- Automated early bag storage systems: More advanced storage systems (similar to those now used in warehouse logistics) can be modified to fit for purpose for baggage handling. Bergen airport in Norway is now using such a system – CrisStore
- Robotic loading/ unloading: Automated baggage drop-off from conveyor belts to trolley-carts are already in use at Airport Schiphol. These are the same kind of robots that are being tested out in logistics area (specially warehouse packaging, labeling activities) – easily applicable to baggage logistics with the right attachments and programming of the robots
- Bag journey apps: Again, with IATA 753 resolution and with frequent flyers wanting more control and transparency over “where is my bag”, bag journey apps which tell the passenger key milestones that the bag has reached (e.g. checked-in, boarded plane, de-boarded, at pick-up belt 6, etc.) will see more uptake. Delta airline estimates 10%-25% decrease in misplaced bags with such an app.
- Bag picked up or delivered at home: So does your bag need to travel with you? Or would you rather finish a meeting or visit another tourist location, while your bag is transported directly from the hotel to the airport? This is what London Heathrow airport is trying to achieve via their ‘airportr’ service – which ultimately aims to reduce airport waiting times and increase customer satisfaction. Last mile logistics companies listening?!
Potential: not aware if already used anywhere, but could be interesting if applied (replicating from logistics industry)…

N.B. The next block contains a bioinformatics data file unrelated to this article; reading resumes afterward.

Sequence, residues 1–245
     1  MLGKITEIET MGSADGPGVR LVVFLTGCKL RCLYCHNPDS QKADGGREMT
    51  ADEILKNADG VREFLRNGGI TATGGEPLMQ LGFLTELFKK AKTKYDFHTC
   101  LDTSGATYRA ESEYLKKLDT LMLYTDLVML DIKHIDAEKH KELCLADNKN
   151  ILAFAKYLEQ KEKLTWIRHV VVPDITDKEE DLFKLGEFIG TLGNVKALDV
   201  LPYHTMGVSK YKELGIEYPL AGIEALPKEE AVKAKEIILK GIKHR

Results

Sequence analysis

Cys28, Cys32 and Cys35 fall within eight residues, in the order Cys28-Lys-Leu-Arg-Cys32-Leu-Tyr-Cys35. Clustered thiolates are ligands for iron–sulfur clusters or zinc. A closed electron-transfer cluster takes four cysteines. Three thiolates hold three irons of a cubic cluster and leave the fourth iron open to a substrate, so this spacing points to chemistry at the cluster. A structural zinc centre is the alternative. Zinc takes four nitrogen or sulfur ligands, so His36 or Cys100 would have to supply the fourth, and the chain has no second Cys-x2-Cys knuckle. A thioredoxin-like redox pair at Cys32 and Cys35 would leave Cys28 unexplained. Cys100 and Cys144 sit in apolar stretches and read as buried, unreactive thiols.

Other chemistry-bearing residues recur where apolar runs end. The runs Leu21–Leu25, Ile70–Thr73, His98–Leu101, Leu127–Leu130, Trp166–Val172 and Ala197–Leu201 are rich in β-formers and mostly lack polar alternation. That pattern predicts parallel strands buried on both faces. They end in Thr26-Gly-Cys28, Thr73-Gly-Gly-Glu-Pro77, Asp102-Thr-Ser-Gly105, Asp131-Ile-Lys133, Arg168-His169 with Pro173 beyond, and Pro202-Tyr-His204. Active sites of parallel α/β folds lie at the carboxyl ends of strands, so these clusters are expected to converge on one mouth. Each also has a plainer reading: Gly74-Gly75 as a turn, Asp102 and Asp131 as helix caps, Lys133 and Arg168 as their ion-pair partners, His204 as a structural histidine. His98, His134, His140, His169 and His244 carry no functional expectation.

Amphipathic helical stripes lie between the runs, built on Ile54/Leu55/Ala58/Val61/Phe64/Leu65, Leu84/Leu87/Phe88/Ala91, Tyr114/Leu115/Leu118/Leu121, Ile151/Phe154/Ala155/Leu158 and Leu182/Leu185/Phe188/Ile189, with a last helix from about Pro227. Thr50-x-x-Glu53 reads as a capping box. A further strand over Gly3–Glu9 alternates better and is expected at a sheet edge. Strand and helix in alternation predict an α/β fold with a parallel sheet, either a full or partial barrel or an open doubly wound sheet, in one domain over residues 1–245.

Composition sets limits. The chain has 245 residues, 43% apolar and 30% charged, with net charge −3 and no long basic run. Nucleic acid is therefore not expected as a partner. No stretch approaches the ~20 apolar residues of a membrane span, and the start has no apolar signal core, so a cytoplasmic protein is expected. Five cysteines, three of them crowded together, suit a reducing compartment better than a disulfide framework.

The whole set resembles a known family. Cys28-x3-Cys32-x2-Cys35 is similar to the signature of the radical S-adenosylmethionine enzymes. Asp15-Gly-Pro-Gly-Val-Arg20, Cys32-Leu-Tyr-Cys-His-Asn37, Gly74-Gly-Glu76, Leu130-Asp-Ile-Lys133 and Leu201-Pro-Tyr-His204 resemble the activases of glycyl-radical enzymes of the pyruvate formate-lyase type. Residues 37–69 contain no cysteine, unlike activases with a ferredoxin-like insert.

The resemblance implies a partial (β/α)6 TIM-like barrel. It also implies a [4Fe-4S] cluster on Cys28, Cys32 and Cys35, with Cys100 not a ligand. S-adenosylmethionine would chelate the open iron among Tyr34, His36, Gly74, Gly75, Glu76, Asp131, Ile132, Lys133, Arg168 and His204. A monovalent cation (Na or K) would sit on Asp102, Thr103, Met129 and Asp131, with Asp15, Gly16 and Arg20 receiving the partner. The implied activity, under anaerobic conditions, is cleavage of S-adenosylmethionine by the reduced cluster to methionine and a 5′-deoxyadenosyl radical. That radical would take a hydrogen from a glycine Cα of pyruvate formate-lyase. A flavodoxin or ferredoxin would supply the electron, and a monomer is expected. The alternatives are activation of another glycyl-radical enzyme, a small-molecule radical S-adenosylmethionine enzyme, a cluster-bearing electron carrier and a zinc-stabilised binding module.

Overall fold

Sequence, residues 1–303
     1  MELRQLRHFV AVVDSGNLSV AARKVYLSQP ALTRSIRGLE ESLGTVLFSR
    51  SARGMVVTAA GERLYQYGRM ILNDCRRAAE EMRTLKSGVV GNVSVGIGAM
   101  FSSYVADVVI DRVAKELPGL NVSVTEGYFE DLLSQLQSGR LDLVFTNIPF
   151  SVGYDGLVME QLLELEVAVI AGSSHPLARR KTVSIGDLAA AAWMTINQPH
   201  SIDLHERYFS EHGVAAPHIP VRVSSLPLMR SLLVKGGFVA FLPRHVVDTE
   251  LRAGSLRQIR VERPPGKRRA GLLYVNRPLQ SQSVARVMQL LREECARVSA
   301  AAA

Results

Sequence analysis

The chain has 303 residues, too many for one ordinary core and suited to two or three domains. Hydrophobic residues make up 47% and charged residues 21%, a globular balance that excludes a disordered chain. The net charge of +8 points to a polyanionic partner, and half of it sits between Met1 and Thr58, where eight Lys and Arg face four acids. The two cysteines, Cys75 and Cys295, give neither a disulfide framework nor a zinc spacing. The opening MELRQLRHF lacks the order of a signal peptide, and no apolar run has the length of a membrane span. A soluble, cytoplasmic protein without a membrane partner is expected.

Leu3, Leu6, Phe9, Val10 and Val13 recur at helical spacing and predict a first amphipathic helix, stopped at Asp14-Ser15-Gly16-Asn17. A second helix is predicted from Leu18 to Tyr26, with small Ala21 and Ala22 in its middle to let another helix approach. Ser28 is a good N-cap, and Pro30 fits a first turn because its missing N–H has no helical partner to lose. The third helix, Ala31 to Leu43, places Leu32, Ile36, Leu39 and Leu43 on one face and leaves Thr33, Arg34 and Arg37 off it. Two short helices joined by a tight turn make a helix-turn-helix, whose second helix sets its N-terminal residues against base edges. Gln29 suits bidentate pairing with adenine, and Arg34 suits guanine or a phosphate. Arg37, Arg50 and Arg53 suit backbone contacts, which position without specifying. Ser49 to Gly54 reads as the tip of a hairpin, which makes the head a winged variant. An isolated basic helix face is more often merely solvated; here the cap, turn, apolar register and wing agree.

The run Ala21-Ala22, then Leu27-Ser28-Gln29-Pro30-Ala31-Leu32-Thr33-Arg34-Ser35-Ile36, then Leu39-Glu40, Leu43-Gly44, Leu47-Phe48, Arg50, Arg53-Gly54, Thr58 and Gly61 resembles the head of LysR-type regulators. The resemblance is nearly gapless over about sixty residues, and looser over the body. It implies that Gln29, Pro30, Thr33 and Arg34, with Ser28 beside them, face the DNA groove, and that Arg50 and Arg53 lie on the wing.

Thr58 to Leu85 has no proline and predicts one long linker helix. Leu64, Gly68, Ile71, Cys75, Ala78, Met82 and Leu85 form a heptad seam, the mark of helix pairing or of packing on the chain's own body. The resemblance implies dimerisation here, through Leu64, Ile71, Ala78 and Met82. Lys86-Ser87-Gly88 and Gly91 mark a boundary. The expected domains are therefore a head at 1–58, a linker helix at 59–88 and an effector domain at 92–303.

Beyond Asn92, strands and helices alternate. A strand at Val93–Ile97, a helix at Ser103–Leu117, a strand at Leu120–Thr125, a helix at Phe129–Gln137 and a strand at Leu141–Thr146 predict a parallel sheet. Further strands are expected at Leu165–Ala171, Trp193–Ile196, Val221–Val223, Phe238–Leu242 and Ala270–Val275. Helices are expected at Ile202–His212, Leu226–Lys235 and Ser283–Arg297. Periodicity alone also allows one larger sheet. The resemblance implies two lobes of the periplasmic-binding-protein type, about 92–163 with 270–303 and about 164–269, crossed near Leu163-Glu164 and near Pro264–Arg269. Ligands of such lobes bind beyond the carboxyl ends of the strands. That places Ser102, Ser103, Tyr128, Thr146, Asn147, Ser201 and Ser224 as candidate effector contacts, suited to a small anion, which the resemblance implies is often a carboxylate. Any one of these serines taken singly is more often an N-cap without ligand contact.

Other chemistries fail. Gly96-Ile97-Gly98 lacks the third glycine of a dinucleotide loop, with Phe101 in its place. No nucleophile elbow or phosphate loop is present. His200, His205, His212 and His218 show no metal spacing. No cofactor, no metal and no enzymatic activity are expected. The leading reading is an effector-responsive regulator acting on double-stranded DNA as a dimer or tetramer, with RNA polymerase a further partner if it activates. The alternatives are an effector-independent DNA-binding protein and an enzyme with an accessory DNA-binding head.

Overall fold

- Autonomous trolley-carts from aircraft to conveyor and vice versa: If Kiva robots can be used in an Amazon warehouse to bring the shelf to the warehouse staging area instead of logistics person walking to the shelf… imagine if the trolley carts we see near the aircrafts can autonomously drive to the respective conveyor belts staging area instead of being manually driven by baggage handlers?!
- Urgent bag movements by drones or UGV (unmanned ground vehicle): While use of drones is debatable given the regulatory and privacy constraints, my hypothesis is that in restricted intra-logistics movements, drones can become quite useful. So imagine a last minute check-in passenger whose luggage needs to be transported in minutes from passenger terminal to aircraft… would a secure drone confined within the boundaries of the airport baggage movement area be useful for such “batch size one” movements?
- Trolley-cart loading with augmented reality: Imagine the baggage handler wearing google glasses which gives the instructions on the loading instructions to load the bags into the trolley-cart in the most effective and least damaging manner given the size, dimensions and weight of the bags. Augmented reality could replace the need for a supervisor and reduce the damage due to baggage handling
The above changes do mean increase in investment in baggage handling systems and processes today, however the KPIs for accuracy, on-time baggage, capacity of BHS and overall transparency will definitely improve for the better tomorrow. Happy travels!